(233d) Exploiting Polymer Architecture and Molecular Composition Towards Performance Enhancing Lubricant Additives | AIChE

(233d) Exploiting Polymer Architecture and Molecular Composition Towards Performance Enhancing Lubricant Additives


Robinson, J. - Presenter, Pacific Northwest National Laboratory
Qu, J. - Presenter, Oak Ridge National Laboratory
Bays, T. - Presenter, Pacific Northwest National Laboratory

Exploiting Polymer
Architecture and Molecular Composition towards Performance Enhancing Lubricant

Lelia Cosimbescu?*,
Joshua W. Robinson?, Jun Qu?, Yan Zhou?, J.
Timothy Bays?,

Northwest National Laboratory, Richland, WA

?Oak Ridge
National Laboratory, Oak Ridge, TN


Lubricant packages are comprised of a myriad of additives
and are responsible for up to 30 wt % of the blended oil. Generally, each
additive plays a mono-functional role and are formulated together to increase engine
oil performance. Additives also increase the overall cost of lubricants which
requires a careful critique of the cost-benefit relationship. Combining the
beneficial effects of 2 or more lubricity enhancing additives would reduce
formulation challenges and cost. Viscosity modifiers and/or viscosity index
improvers reduce the natural thinning effect that lubricants experience with
increasing temperature. These additives are typically polymeric in nature and
exploit principles of polymer dynamics to mitigate viscosity losses of the
lubricant at elevated temperatures thereby maintaining desirable lubricity such
as in the reduction of friction. Friction modifiers are generally relatively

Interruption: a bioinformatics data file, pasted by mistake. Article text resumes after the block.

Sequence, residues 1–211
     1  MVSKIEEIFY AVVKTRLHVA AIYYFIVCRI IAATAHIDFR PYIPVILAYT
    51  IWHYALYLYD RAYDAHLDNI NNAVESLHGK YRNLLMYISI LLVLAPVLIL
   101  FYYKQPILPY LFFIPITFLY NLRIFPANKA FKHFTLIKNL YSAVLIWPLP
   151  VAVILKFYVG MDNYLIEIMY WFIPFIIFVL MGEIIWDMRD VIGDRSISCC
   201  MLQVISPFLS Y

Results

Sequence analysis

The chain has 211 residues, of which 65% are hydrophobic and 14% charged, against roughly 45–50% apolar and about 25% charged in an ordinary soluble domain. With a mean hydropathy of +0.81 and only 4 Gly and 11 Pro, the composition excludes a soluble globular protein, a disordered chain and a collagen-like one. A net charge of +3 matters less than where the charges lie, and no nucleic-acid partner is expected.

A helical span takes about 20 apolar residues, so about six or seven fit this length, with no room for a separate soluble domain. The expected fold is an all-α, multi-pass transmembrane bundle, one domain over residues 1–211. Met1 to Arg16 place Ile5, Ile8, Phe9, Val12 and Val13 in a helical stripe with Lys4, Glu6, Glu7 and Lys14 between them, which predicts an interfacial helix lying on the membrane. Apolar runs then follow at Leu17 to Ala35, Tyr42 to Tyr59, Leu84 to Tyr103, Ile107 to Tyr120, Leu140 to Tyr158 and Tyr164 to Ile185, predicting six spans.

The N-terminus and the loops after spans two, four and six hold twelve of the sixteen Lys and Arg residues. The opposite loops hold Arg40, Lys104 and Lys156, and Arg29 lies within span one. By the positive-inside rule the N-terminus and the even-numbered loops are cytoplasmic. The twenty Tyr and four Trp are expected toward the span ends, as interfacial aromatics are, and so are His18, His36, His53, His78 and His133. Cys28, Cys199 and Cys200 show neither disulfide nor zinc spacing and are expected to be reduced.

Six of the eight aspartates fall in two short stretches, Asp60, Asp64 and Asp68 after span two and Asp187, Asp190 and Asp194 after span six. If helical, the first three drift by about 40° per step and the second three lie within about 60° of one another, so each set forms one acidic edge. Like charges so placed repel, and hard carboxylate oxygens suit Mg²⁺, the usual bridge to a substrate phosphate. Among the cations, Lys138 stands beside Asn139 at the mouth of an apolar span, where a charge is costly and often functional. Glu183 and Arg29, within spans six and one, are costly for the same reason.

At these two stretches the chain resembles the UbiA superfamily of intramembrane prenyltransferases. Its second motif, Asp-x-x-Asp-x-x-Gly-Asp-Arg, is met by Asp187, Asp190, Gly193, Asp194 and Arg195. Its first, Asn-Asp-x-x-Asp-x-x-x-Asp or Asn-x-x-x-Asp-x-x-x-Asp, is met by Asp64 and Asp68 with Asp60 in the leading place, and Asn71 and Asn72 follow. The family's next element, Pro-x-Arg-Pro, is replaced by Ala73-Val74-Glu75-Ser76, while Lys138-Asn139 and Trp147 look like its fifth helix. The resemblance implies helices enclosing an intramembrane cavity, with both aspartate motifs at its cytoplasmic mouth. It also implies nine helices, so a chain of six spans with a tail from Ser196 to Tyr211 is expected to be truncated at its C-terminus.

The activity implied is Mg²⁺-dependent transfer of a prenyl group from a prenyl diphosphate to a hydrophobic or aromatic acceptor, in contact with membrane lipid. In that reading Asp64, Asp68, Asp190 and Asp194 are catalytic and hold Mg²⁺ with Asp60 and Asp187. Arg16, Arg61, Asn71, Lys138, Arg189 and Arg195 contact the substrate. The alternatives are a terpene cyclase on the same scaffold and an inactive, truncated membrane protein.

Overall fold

small compounds/molecules that interact more directly with internal surfaces
and reduce friction via thin film formations. By exploiting modern polymer
preparation techniques in regards to architecture and molecular composition, we
have designed and investigated these additives as viscosity and friction
modifiers. Our polymeric structures encompass beneficial characteristics of
these two separate additives providing the first duel-functional lubricant
additive that may increase fuel economy by reducing friction on two fronts
within an internal combustion engine. We investigated several promising polymer
classes ranging from hyperbranched polymers to comb-burst hyperbranched
analogs, modified polyethylene-based polymers and finally hybrid star polymers.
The latter topologies appear to be the most promising in providing the VII
properties required of an engine oil additive. We will discuss synthetic
methodologies as they pertain to controlling the topology of the polymers,
characterization and the effects of structure and topology on viscosity and